In Jackson v. State, the Georgia Court of Appeals held that the trial court abused its discretion in admitting two prior sexual allegations against the defendant without first determining that the probative value of the evidence outweighed any prejudicial effect.
The defendant was indicted for child molestation and the State moved to introduce evidence of two prior unrelated allegations that the defendant (1) forced his seven-year-old son to perform oral sex on him, and (2) forced another son to engage in sexual acts with a minor female while the defendant watched.
At a pretrial hearing, the trial court ruled that the evidence was admissible because the specific evidentiary rules with respect to sexual assault and child molestation cases (O.C.G.A. §§ 24-4-413 and 24-4-414) obviated the need for the balancing test set out in O.C.G.A. § 24-4-403: “Relevant evidence may be excluded if its probative value is substantially outweighed by the danger of unfair prejudice, confusion of the issues, or misleading the jury or by considerations of undue delay, waste of time, or needless presentation of cumulative evidence.”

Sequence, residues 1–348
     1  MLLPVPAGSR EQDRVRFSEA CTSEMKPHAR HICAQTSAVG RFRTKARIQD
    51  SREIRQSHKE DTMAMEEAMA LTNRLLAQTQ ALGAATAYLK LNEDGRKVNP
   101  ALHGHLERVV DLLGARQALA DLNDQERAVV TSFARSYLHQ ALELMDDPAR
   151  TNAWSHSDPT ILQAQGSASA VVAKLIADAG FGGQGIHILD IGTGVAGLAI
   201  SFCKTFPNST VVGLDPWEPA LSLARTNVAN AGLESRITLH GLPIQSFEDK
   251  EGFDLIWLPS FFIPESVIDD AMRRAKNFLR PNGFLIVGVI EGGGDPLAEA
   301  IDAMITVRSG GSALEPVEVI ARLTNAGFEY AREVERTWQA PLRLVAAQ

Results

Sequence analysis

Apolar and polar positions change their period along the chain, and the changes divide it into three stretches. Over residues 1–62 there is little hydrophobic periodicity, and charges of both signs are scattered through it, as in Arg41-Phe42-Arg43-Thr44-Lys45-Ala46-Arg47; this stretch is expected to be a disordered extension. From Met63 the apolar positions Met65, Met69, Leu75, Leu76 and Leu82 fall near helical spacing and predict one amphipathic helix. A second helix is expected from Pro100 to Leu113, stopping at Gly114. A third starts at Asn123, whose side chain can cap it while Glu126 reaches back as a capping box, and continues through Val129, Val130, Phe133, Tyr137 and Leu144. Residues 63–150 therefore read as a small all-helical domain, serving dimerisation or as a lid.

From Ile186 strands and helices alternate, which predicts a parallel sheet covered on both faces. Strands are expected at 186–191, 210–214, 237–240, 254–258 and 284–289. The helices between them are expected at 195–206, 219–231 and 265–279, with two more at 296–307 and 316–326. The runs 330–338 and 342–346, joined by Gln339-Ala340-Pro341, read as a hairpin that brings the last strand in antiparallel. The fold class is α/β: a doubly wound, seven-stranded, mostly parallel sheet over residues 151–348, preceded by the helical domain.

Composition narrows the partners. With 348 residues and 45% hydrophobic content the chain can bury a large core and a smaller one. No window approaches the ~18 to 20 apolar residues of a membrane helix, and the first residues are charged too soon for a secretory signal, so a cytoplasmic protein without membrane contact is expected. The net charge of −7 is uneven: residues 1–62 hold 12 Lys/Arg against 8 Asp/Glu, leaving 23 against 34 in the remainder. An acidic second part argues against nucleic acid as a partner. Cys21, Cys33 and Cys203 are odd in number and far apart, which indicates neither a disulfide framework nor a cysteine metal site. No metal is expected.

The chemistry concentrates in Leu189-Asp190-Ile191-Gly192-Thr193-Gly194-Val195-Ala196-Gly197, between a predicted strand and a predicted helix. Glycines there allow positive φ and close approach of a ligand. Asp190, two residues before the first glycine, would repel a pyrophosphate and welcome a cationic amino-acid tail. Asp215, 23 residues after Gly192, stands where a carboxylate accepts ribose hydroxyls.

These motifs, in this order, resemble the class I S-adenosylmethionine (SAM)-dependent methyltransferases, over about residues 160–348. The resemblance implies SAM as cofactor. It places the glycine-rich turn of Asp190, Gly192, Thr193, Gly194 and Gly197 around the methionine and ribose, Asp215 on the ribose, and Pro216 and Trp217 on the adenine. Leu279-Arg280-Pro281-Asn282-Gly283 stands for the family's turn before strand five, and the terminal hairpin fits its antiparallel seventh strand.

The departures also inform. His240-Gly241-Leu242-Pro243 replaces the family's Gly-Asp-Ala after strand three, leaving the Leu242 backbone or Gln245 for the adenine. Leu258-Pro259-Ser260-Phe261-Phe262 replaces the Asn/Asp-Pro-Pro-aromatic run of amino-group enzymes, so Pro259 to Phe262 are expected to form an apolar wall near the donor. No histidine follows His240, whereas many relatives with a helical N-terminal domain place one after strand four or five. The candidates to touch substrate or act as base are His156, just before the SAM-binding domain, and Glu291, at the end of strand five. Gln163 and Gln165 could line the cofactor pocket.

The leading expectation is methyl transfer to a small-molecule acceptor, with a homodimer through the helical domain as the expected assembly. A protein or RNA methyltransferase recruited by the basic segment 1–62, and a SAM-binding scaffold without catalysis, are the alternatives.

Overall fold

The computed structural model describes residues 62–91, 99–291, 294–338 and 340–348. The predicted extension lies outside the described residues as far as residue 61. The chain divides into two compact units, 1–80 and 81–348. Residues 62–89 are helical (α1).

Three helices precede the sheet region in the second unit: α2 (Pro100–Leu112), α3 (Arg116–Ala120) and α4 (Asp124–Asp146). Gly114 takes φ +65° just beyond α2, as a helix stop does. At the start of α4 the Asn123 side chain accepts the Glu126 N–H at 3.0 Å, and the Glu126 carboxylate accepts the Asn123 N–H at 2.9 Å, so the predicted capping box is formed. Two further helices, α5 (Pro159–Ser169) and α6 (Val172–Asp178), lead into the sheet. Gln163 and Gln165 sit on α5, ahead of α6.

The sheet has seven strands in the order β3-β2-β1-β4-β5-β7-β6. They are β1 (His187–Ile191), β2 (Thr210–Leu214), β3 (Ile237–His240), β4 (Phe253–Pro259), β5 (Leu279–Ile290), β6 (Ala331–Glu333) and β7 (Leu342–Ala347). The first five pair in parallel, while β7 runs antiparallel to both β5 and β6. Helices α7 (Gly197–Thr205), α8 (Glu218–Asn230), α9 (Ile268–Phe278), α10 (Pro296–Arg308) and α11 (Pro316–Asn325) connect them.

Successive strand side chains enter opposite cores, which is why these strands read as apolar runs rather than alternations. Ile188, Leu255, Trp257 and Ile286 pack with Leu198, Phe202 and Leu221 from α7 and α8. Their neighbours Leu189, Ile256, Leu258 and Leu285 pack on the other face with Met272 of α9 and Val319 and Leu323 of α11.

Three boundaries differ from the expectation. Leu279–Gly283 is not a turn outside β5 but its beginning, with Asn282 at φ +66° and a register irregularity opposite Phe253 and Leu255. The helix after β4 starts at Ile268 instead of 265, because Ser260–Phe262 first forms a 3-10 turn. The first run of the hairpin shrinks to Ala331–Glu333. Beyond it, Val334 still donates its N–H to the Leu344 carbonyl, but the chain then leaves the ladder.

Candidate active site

At the outset, the Court of Appeals noted that § 24-4-414 reads: “evidence of the accused’s commission of another offense of child molestation shall be admissible.” Thus, the Court construed this language as creating a rule of inclusion, with a strong presumption in favor of admissibility. However, the Court also noted that the term admissible meant “capable of being legally admitted,” which implies that it may or may not be admitted.
The Court ultimately concluded that the evidence may be excluded under the balancing test in § 24-4-403 and that the trial court must give the defendant an opportunity to show whether the prior acts would cause unfair prejudice, confuse the issues, or mislead the jury. Therefore, the trial court’s failure to do so was an abuse of discretion.
As a result, the case was remanded back to the trial court for a hearing on whether this evidence would pass the balancing test in § 24-4-403.
In Wilson v. State, the defendant appealed his convictions for two counts of incest, one count of statutory rape, and…May 11, 2020 Court Holds That Molestation Plea May be Withdrawn Due to Void Sentence
The Georgia Court of Appeals held that the defendant had a right to withdraw his guilty plea to two counts…April 2, 2020 Pregnancy May Constitute Physical Injury Element of Aggravated Child Molestation
In Daddario v. State, the Georgia Supreme Court held that a child victim’s pregnancy and difficult childbirth could be sufficient…